First time on here with at utterly Prefect naive question. I have an overwrought, buggy 'workflow' framework (called gendarme, never realized publicly) I developed to assist my computational biology research -- started it about 15 years ago without knowledge of other workflows other than Make. One of my needs was (and is) to fully define the output of every task in terms of the specification values that are used by the task itself, and the specification of all upstream tasks. By specifications, I mean parameters or variables that fully define, along with the code, the output -- ie not all parameters to a function are defining specifications (of course one might have intentional or unintentional stochasticity which create caveats to the notion of being fully defined). A single task tends to be a long running computationally expensive, often memory intensive, perhaps parallelized fairly complex procedures often defined by multiple classes. I might have several dozen or more of these tasks to approach a meaningful goal, but the final goal has usually been a moving 'goalpost' as yet another layer of analysis seems like a good idea at the time. A full DAG may well be years in the building up of analyses -- though likely at that point tasks (nodes, I called them cells) have been swapped out. Unlike Make (and as far as I can tell, Luigi and similar workflows), the gendarme DAG is discovered upon runtime rather than predefined. That was convenient, but also because the DAG is defined over instantiated tasks defined by their parameters, I never found much point in predefining the DAG externally. I am at a major decision point of either doing a complete overhaul of gendarme or abandoning it and adopting some other workflow and modifying to my needs. I think those needs at this point distills in the ability to store intermediate results (they may have been final results until a downstream task was written that requires them) with the specification metadata that fully defines them, so that they can be retrieved when needed and not rebuilt without need. Time completed might be one of many specs, but typically a task might have a half dozen critical specifications that would need to match the specification state of the calling downstream task in order for the existing output to be congruent and useful. Part of the challenge has been that the downstream task knows its own specs, but it doesn't know the subset of the specs that define its upstream dependencies. One can't simply query the entire spec space as the DAG may have hundreds of parameters, but only those used in the requested subgraph are relevant to defining the outputs. Gendarme passes spec space both upstream to search for existing output, or build anew if it doesn't exist, and then back downstream to the calling task to capture the full description of each output, and then stored it as metadata in an external db for fast querying. I will need to do something like that again, both for efficiency, but also a scientific integrity position of fully knowing what ones results represent (and part of this is the ability to truly isolate training data influences on ever receding final test sets). From a high level perspective, each task (gendarme calls them cells) calls other cells when required. If there is a breadth first part of the DAG one can explicitly run them concurrently for efficiency. Otherwise the graph runs as it is discovered depth first. Sorry for the long winded request. If that made any sense, my question to you is -- should I pursue Prefect for these needs? Clearly I have a fairly extreme case use on the side of complex and slow. My datasets have been big historically, but not by today's standards -- it is the complexity and need for incremental building of fully defined outputs that appears to be more unusual. Prefect looks inspired regardless, and eventually I'll want to learn more. But I would rather not get side-tracked at this moment studying the guts it there is a clear logical incompatibility.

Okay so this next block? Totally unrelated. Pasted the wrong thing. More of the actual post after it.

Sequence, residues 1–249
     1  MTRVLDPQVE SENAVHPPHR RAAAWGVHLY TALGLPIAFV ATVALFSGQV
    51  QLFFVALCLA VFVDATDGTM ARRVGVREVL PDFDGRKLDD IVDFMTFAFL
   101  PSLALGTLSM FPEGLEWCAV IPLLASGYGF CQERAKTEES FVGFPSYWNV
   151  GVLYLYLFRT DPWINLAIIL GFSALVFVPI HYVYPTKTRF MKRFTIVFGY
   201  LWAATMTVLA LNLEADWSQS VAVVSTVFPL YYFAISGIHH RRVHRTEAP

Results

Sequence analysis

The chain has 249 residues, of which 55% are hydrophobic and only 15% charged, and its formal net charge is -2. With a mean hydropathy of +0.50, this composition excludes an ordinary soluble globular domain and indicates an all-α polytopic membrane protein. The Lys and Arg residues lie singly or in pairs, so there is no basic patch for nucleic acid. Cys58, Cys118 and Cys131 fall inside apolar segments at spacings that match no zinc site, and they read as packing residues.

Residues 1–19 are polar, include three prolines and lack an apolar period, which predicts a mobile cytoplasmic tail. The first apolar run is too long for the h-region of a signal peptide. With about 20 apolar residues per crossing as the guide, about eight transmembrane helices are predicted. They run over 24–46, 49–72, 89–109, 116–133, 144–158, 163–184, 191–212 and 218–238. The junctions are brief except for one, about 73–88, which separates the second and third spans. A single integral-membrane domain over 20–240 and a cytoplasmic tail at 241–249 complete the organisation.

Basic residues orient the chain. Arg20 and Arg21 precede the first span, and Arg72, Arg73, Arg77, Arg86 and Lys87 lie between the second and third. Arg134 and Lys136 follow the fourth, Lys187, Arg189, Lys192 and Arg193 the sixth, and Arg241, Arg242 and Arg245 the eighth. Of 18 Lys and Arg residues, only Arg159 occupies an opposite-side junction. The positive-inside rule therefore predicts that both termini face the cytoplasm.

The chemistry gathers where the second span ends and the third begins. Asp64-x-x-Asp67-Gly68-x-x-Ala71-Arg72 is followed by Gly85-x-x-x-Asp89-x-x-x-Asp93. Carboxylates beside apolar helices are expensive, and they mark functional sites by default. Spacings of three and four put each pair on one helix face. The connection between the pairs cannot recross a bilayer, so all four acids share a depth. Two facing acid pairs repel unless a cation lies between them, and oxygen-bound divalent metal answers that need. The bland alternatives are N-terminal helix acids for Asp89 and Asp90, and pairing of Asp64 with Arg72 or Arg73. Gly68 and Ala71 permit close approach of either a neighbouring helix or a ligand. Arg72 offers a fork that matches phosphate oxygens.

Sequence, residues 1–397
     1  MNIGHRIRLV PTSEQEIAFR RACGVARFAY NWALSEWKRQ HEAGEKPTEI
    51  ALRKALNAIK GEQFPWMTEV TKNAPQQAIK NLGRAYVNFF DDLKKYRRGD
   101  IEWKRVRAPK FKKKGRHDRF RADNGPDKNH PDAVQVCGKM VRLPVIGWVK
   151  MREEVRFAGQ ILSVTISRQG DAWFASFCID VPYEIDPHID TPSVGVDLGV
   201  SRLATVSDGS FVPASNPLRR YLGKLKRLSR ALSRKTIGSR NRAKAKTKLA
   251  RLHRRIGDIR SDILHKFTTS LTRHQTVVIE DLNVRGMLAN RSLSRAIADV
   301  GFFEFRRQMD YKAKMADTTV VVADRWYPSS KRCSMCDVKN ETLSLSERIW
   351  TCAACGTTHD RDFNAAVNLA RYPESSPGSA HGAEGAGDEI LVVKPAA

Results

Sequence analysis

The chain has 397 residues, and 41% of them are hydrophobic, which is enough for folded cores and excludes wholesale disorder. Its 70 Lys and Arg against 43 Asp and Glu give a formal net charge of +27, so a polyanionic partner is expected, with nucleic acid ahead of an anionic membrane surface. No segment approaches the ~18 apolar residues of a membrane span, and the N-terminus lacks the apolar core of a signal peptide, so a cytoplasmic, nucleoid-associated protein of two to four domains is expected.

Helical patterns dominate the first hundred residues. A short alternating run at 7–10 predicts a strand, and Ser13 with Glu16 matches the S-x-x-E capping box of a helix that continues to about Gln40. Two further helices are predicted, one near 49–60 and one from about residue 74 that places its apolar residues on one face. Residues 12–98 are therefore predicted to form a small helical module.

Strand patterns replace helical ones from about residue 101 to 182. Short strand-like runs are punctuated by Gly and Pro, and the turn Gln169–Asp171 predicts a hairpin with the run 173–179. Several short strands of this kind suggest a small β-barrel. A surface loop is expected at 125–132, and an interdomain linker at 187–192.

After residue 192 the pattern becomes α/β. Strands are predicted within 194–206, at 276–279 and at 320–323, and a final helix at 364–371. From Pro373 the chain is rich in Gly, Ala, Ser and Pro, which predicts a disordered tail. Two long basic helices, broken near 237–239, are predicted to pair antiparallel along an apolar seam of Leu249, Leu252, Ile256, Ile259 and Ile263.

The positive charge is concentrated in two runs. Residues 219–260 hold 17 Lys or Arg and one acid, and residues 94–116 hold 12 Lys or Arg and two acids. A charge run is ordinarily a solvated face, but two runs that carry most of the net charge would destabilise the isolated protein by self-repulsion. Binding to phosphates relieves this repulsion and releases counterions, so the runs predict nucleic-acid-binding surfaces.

Hi @Richard, welcome to Prefect! Certainly the most important thing in selecting (or building!) a workflow system is ensuring its philosophy aligns with your way of thinking. Based on your description, Prefect will match some but not all of your expectations, so I want to try to outline what those are: